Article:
The Hendersons Naples
2014 Trip to Italy and Malta
The drive to Napoli was uneventful until we got into the town. Oh dear, we thought the Pan American Highway in Costa Rica was rough – nothing compared to some of the roads in Napoli. We bounced our way to the B and B, which was right in the historic district. We hadn’t realized that Napoli was in the midst of building a large extension to the subway system, so there was construction everywhere. It was a real mess. Our host gave us a business card for a nearby restaurant, so we walked the few short blocks to it for dinner. It turned out that the USS Bataan was in port for a couple of days. We could easily pick out the crew members who were walking around town – clean cut, short hair, a few tattoos on some of them, neatly dressed. We spoke to three of them who were having dinner at the same restaurant. They had been at sea for nine months and were returning home.
Monday our friend Antonio took the train from Sorrento to Napoli and met us at the B and B. We walked to the street in old Napoli that has the shops where the presepi (crèches) are made. They are works of art. Some are very large (we wondered where in the world you would store them when they aren’t on display). They are mostly made from wood, some have rocks and mosses and can be extremely elaborate, with figurines, lights and probably even running water.
We also went into the church San Lorenzo, which was also in the Centro Storico. There are remains of a Roman settlement under the church. We also went into the Duomo, which was quite beautiful. After several hours of walking and sightseeing, we were all tired, so we bid Antonio goodbye and he headed back to Sorrento.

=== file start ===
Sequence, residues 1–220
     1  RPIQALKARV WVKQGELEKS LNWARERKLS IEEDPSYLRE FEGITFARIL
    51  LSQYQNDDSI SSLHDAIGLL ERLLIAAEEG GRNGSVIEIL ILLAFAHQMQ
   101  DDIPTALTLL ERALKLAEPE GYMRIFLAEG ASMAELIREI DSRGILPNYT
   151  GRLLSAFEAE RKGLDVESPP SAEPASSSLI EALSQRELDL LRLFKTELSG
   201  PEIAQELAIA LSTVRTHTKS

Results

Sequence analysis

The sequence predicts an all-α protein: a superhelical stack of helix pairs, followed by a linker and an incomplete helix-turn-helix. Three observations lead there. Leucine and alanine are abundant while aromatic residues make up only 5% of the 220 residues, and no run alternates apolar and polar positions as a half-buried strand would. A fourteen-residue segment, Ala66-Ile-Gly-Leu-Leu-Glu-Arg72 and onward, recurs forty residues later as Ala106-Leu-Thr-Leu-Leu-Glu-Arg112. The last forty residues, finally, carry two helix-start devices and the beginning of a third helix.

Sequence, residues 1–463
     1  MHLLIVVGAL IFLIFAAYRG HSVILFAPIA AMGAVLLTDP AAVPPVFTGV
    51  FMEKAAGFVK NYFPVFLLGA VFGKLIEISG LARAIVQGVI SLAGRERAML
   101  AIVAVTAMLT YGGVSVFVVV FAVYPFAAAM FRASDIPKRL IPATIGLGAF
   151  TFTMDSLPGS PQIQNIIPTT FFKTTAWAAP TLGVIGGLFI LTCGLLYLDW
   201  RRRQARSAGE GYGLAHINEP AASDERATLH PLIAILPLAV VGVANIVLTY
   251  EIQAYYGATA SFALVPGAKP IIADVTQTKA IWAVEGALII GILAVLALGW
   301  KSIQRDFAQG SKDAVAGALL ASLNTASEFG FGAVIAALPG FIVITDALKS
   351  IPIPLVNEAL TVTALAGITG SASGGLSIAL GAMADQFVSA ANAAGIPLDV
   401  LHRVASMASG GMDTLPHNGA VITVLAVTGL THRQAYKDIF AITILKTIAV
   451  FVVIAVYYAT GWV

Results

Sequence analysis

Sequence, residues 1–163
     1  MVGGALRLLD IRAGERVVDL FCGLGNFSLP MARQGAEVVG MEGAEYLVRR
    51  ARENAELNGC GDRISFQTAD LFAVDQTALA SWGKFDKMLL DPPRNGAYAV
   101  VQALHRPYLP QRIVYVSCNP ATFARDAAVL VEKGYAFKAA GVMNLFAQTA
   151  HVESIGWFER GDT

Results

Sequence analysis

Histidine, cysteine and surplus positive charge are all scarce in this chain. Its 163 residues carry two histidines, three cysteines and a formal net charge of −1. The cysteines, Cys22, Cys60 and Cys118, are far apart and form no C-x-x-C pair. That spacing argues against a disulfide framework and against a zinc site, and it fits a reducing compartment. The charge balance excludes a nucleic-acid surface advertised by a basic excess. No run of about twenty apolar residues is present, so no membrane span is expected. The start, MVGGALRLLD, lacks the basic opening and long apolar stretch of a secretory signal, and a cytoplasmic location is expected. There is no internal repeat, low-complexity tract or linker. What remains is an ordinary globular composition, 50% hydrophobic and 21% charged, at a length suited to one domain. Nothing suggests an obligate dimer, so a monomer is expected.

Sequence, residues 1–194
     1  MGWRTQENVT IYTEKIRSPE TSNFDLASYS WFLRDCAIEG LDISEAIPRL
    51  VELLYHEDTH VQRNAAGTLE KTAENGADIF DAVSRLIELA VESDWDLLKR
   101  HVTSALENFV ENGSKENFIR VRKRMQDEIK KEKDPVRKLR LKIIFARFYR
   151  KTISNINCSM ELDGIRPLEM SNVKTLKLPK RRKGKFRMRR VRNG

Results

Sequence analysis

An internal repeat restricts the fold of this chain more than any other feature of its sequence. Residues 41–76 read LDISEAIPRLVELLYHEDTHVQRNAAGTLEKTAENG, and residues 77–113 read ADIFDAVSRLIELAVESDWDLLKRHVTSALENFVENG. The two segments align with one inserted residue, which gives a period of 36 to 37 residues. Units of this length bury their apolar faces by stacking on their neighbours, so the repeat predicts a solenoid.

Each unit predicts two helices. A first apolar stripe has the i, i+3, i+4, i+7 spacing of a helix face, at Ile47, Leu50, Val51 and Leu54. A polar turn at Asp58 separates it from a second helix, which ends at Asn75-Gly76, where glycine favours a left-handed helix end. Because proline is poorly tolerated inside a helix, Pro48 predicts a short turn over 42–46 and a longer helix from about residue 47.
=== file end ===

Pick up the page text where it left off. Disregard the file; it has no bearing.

We had dinner in a restaurant about eight blocks from the B and B. Napoli isn’t the easiest city to navigate – the streets are not on a grid plan by any means and sometimes the numbering is a bit mysterious. Once we found the restaurant, we had a pleasant meal and enjoyed chatting with the staff, both in Italian and English.
Final day in Napoli. We walked to the famous opera house, San Carlo, the largest in Italy. It is beautiful, but the façade was covered in scaffolding, as was the palace next door. There is a large piazza in front of the palace, and a church facing opposite. The church was closed and was covered in graffiti. We had lunch at a pizzeria and the waiter stiffed us €2. Not a lot of money, but really annoying. They say the most cheerful thieves in the world are in Napoli.
We had dinner at the same restaurant we had the first night in Napoli. The city is exhausting, what with the noise, the crowds, the construction and constantly having to be wary of thieves.
The hostess at our B and B was Croatian and spoke Italian very rapidly. I am not exactly sure of what she was telling us, but I believe she was lamenting business conditions in Italy. The taxes are high, the booking agency (Hotels.com) takes a cut and she has to pay the pizzo or protection money. She wanted us to pay cash, but we didn’t want to be seen at an ATM withdrawing a large amount of cash, so we decided to pay with a credit card.
We were both glad that we were leaving Napoli. It could be a great city, but we won’t bother coming back, there are too many other places to see.